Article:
Recommendations are independently chosen by Reviewed’s editors. Purchases you make through our links may earn us a commission.
Depending on what the water supply is like where you live, you may have "hard water," meaning it's more mineral rich than pure water.
You'll probably notice it first in the shower, where you'll have a hard time getting your soap to make suds. But what you might not know is that, over time, hard water can hurt your dishwasher's performance—and even damage it—resulting in a visit from the repairman and expensive bills.
Luckily, it's easy to prevent mineral buildup from hard water. You should already be cleaning your dishwasher, but not all cleaning methods will remove hard water deposits. Below you'll find everything you need to know about hard water and how you can fight back.
Hard water happens when ground water picks up minerals as it flows through rock and dirt. It most commonly picks up salts like magnesium chloride and calcium chloride.
The "hardness" of your water can vary drastically. According to HowStuffWorks, the water industry measures water hardness in grains per gallon (GPG), with one grain being 64.8 milligrams of calcium carbonate.
If water has between 3.5 and 7 GPG, it's "moderately hard." If it has 7 to 10.5 GPG, it's "hard water." Anything above that is "very hard," while soft water is 1 GPG or less.
Even if you have very hard water, these salts are still only trace amounts in your water—no problem for drinking. Problems only occur when the salt starts to build up on surfaces, from your dishes to your dishwasher and its internals.
The most visible (and annoying) effect of hard water is actually on your dishes. The cloudy white residue left on your glasses and silverware is actually from those pesky salts, which are left behind when the water evaporates from your dishes.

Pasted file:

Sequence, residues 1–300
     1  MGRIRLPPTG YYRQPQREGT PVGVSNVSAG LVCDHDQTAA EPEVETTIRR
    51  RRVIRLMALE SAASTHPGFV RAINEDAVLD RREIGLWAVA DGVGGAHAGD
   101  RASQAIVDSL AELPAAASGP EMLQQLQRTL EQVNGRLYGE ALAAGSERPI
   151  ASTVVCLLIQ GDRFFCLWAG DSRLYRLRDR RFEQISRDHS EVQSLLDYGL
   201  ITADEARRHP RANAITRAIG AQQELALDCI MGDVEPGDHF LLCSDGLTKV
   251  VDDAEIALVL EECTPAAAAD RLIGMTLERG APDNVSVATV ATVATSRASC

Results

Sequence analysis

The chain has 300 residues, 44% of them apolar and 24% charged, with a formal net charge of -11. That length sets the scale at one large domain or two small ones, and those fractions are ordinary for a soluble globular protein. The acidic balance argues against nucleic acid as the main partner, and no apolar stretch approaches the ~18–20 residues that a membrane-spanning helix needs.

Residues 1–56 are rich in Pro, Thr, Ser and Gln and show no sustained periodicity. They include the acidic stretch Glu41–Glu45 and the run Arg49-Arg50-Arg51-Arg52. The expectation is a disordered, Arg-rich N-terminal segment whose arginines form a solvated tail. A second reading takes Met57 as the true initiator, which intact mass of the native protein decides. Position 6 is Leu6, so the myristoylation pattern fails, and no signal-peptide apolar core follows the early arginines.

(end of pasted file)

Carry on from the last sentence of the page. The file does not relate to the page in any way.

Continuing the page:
But mineral salts aren't just on your dishes; they also build up on every surface of your dishwasher. Given the amount of metal inside the average dishwasher, those salts can lead to rust and the eventual failure of expensive parts like pumps and heating elements.
There are a number of ways to both remove and prevent hard water deposits. If you know you have hard water, you should first focus on removing buildup from your dishwasher.
Since most buildup is chemically basic, you need to use an acid to remove it. Perhaps the simplest way is to put vinegar or citric acid in your rinse aid compartment. There are also dishwasher cleaners like Lemi Shine that will achieve the same goal.
As for prevention, there are a handful of different approaches. The easiest solution is to start using a dishwasher detergent with a water softener, like some Cascade detergents.
You could also start using a rinse aid, which doesn't address the hard water issue but makes your dishwasher and dishes hydrophobic. The deposit-laden water will just drain away instead of clinging to your stuff.
Then there are more permanent solutions. You could replace your current dishwasher with one that has a built-in water softener. Or you could go a step further and install a water softener for your home's entire plumbing system.
These devices work by passing water through beads that remove the salt ions, thereby turning hard water soft. Water softener maker Kinetico notes that these devices must eventually be cleaned—with salt, of all things—so that they can continue to soften your water. However, most machines with built-in softeners perform this cleaning automatically.
Sign up for our newsletter to get real advice from real experts.